Just before Tina Campbell had a minor medical procedure recently, she remembered the discrimination she says she felt while trying to access health care nearly two decades ago.
“When I was getting ready, I was thinking I’ve got to look nice, be presentable, because I don’t want to be treated differently,” Campbell said.
“That’s something that I had shared with my non-Indigenous friends, and they were kind of like, ‘Wow, I never even thought about that.'”
Campbell, who is from the Mosakahiken Cree Nation in northern Manitoba, is a registered nurse with the Northern Inter-Tribal Health Authority in Prince Albert, Sask. and is working to provide culturally safe care for Indigenous people in the region.
Her role addresses a health-care inequity problem that researchers and Indigenous people say persists across Canada and was quantified in a study published Monday in the Canadian Medical Association Journal.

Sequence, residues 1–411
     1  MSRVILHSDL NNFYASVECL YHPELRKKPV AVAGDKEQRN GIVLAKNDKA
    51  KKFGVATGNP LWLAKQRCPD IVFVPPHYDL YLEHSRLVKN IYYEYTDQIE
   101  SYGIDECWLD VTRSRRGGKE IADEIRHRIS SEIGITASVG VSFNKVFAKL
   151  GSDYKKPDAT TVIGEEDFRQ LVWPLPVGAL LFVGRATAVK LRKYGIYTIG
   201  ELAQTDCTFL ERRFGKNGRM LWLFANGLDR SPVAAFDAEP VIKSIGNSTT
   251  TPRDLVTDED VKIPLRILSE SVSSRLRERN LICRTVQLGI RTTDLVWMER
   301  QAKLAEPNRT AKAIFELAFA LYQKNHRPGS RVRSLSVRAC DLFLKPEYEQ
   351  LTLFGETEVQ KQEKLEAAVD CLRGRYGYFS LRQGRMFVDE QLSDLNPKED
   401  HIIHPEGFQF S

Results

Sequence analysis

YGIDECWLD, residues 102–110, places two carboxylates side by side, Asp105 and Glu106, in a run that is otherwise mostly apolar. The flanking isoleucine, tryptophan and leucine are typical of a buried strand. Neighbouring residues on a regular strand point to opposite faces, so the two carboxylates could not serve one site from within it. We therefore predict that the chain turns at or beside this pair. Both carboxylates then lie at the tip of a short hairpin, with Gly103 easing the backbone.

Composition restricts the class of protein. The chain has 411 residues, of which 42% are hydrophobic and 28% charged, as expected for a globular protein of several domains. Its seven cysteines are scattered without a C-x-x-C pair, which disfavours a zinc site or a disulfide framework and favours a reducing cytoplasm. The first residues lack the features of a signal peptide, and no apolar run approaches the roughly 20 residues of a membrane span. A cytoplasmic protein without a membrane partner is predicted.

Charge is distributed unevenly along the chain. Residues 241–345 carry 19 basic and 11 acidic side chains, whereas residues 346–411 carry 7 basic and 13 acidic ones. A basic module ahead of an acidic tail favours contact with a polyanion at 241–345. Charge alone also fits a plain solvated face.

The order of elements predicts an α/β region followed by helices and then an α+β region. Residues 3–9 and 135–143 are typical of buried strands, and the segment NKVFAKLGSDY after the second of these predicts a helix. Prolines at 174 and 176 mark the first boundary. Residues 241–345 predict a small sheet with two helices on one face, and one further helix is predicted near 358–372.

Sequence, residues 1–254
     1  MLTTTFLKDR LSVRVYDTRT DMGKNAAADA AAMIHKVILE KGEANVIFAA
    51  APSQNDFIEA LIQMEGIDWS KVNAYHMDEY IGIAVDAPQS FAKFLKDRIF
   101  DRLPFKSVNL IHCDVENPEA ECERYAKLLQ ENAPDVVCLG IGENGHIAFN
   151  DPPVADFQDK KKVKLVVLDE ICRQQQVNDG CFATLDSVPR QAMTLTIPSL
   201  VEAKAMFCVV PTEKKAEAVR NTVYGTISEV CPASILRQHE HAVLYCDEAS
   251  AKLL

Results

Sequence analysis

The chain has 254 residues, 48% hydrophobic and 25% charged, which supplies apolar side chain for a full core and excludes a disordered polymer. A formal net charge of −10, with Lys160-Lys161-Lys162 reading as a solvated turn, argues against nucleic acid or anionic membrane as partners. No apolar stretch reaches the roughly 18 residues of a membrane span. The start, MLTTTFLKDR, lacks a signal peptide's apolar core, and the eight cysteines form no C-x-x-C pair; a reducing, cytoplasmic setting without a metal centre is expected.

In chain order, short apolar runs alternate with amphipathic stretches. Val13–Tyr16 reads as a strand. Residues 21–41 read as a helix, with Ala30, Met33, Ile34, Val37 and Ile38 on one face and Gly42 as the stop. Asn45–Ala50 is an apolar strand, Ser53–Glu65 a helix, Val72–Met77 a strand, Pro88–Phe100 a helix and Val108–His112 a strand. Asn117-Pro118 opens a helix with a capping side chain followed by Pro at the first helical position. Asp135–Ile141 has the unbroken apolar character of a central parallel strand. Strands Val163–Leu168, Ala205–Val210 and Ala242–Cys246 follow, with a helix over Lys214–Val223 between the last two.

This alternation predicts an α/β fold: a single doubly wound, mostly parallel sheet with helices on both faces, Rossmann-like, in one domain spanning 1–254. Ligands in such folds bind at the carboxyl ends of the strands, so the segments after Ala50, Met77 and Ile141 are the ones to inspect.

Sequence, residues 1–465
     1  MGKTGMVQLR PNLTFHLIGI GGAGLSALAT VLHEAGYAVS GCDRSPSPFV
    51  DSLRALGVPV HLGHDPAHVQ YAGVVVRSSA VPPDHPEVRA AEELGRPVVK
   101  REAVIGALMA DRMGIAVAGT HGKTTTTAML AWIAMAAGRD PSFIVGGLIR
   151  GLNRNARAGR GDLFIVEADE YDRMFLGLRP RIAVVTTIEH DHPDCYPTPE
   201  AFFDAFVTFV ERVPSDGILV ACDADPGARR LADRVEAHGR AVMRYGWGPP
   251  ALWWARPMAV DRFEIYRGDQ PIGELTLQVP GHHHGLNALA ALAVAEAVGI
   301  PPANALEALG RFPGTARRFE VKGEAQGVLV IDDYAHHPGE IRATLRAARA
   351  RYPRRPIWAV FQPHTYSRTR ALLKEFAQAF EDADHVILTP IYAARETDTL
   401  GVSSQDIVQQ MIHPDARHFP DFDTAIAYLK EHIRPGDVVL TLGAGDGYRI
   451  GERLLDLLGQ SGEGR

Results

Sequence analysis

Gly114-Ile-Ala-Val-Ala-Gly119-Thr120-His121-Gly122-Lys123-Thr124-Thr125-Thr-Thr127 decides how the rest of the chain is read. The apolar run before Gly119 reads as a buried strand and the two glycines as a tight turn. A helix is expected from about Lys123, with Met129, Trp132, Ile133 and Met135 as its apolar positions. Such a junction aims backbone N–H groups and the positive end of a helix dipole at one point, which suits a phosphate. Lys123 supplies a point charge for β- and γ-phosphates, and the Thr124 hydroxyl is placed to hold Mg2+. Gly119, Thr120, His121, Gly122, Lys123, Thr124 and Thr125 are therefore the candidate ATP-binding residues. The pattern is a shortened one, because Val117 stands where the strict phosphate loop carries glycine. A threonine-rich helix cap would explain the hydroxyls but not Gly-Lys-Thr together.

Researchers at the Public Health Agency of Canada set out to measure the differences in health-care access for Indigenous women who live outside reserves compared with non-Indigenous women across Canada. They found evidence of a number of systemic barriers, particularly during pregnancy.
Using data from the Canadian Community Health Survey — an annual countrywide survey created by Statistics Canada — from 2015 to 2020, the new study found 18.6 per cent more non-Indigenous women who were recently or currently pregnant had a regular health-care provider, compared to Indigenous women.
Compared with non-Indigenous women, 14.2 per cent fewer Indigenous women said they had a place to go for immediate, non-urgent care in urban and rural areas.